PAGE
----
When and Why to Seek Help From a Therapist
One of our therapists encouraged someone he knew to see a therapist regarding some conflict this individual was experiencing. His response was, “Why do I need to talk to a therapist?” He spoke about how he has a good relationship with his children and with his wife. There are no issues at work.
Negative Bias to Mental Health
The message we often hear from mainstream culture is that only “dysfunctional” or “messed up people” see therapists. There is a negative bias towards mental health in our culture that is widespread. There are two main misconceptions to explore when it comes to seeking help for anxiety or depression. The first misconception deals with the “type of people” who seek therapy, and the second misconception deals with when people need to seek help.
The misconception of people needing to be “crazy” or “dysfunctional” to seek therapy is simply false. Actually, it’s the opposite. Most people who are experiencing a manic episode or a psychotic episode would probably not seek help at all because they might not recognize their emotional state and think they are fine. Please reach us for child-centered play therapy.
Most clients we see are high functioning individuals who are business owners, managers, leaders in their place of work, or even high achieving students. We are all born with something called resilience. Resilience is how much emotional distress you can handle.
Think of it as a glass being filled with water. The glass will overflow if the water is being poured constantly into the glass at some point. When the water overflows, you have reached your breaking point. It takes self-awareness to recognize that your glass is being filled, and you need to take action to prevent it from overflowing. Recognizing your limitations and seeking help before things get out of hand shows your attunement to your emotional state.
The second misconception about therapy deals with timing. The question is, when do you seek help? Will you be proactive or reactive? First of all, there are times in life that can catch you off guard, but you can still respond in a proactive way. For example, say a close family member dies unexpectedly.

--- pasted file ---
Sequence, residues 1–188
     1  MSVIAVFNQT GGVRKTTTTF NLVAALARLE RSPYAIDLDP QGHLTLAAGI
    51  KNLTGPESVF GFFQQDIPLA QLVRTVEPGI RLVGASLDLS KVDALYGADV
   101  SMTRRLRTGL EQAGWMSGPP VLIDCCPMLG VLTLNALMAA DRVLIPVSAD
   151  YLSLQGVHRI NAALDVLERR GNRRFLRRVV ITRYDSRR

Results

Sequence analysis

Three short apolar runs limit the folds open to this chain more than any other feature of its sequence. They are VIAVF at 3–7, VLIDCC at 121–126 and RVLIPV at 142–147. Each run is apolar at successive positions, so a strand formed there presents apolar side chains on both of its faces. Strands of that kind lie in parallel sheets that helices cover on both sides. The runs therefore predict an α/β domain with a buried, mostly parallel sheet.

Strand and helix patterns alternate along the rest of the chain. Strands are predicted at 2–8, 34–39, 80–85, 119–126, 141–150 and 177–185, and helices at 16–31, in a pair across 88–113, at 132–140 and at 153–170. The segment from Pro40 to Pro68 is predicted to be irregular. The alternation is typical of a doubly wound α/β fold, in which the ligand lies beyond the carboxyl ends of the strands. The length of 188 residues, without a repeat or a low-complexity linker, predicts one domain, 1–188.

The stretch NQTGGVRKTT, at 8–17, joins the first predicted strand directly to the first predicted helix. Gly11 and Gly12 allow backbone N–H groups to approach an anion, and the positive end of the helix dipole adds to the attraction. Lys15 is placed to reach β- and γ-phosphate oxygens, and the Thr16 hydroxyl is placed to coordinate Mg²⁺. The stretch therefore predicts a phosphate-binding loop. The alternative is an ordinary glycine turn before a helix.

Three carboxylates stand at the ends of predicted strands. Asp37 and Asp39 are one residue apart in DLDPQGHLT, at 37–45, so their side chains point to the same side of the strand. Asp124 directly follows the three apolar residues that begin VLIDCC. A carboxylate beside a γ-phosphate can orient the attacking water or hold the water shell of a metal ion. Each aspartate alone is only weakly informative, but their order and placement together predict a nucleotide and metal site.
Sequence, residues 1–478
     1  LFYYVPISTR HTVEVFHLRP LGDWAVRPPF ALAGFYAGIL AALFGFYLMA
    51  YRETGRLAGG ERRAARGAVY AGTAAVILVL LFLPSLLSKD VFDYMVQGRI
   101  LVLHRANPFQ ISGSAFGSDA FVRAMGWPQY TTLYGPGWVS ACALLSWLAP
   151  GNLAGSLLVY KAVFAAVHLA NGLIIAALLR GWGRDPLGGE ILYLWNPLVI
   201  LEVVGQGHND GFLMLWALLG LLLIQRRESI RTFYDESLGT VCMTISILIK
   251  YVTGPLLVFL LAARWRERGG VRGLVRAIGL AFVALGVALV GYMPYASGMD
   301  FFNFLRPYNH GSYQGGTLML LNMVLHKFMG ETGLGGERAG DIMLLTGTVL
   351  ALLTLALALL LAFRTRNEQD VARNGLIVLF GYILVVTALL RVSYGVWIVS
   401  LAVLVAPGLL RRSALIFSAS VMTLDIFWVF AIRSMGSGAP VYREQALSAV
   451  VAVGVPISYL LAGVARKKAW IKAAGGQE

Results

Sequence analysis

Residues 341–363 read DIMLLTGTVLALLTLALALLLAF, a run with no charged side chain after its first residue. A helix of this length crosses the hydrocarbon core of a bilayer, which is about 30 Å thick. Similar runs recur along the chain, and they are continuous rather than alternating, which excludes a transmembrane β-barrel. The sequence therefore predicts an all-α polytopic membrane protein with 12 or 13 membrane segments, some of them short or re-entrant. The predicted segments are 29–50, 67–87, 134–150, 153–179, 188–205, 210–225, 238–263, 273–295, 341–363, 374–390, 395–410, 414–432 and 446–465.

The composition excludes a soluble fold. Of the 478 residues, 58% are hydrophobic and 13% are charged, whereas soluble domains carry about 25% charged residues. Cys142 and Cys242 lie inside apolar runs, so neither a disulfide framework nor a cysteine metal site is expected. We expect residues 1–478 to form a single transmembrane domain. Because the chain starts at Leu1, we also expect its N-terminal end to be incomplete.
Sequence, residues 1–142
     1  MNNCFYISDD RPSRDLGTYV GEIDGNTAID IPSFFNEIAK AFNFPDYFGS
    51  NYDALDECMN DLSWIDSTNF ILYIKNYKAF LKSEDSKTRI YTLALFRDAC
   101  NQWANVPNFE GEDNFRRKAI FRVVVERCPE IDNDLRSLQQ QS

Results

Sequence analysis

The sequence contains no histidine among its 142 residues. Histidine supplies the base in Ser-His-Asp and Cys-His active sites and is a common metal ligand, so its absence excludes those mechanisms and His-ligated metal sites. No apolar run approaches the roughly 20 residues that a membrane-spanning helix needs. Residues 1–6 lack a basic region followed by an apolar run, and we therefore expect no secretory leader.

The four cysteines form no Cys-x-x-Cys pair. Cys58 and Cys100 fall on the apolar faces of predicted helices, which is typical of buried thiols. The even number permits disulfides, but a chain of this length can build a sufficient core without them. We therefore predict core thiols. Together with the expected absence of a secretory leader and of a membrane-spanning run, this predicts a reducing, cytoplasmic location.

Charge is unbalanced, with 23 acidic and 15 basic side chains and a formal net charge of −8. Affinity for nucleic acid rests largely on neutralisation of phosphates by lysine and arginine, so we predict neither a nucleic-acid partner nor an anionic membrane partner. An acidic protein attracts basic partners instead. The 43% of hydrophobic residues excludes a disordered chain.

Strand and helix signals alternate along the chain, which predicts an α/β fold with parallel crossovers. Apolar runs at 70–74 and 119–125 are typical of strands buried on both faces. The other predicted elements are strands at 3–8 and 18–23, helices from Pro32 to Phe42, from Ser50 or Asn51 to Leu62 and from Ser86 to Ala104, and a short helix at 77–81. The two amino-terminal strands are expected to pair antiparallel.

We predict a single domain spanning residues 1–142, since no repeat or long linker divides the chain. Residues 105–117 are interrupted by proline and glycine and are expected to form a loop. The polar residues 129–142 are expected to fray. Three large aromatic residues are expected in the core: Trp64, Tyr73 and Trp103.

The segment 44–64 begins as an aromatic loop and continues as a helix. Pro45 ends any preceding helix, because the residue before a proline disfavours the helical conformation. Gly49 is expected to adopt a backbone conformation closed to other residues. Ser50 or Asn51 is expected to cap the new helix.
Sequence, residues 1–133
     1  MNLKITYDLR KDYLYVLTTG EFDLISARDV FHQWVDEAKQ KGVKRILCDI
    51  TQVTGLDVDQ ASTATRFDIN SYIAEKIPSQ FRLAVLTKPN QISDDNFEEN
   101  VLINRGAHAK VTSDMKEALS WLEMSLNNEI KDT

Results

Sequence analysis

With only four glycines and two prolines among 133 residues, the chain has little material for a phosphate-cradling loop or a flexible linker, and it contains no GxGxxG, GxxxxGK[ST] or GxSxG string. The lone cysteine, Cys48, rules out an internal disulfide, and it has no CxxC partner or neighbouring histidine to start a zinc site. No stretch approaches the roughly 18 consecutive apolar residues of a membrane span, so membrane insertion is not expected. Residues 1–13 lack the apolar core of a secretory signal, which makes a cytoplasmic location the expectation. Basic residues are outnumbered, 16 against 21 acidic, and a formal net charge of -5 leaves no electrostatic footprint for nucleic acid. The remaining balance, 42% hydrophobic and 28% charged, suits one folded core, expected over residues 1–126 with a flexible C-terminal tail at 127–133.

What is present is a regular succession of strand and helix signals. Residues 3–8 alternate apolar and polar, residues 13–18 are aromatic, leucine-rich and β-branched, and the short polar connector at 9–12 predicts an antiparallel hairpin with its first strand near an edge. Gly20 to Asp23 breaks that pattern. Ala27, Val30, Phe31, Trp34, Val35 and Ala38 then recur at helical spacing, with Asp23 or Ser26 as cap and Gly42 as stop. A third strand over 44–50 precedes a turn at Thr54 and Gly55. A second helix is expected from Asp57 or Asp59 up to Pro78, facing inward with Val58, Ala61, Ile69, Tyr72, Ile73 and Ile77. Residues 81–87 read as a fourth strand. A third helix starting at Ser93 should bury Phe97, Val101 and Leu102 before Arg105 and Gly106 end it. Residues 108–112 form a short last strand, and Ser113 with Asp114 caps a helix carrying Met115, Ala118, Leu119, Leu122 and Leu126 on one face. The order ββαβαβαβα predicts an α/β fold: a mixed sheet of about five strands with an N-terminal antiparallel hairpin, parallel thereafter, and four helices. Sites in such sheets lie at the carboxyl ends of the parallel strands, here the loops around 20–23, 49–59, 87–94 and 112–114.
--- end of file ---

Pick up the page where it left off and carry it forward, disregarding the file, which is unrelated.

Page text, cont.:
Although you could not predict a sudden loss, you can still be proactive. If we think about the grieving cycle, we know that depression comes towards the end of the overall grieving process.
Manage Your Emotions Better
The therapist can help you learn skills to manage your emotions before they become too intense. The goal of therapy is not to change what you feel but to help you manage and navigate through the complex emotions that come with grieving a loss. Addressing issues before they become unmanageable or overwhelming requires courage and strength.
When to seek IMMEDIATE help:
How We Help
Anxiety | Depression
Anxiety and feeling down can be influenced by our environments and other factors that are out of our control. Delay in treatment can intensify these emotions.
Eye Movement Desensitization & Reprocessing (EMDR)
Eye Movement and Desensitization and Reprocessing (EMDR) helps one get through their past traumatic experiences and through anxiety/depression.
Chemical Dependency & Addictions
Helping clients understand possible reasons behind their addictive behaviors and using therapeutic interventions like Motivational Interviewing.
Child-Centered Play Therapy
Therapeutic interventions are specifically designed to help children process their internal emotions through their natural language of play.
Creating a safe therapeutic space for all members leads to the ability to express internal emotions and improve communication within the family unit.
Marriage | Couples
Improving communication often is a major goal of marriage or couples counseling. Unresolved past pain or hurt can also impact the partnership in a negative way.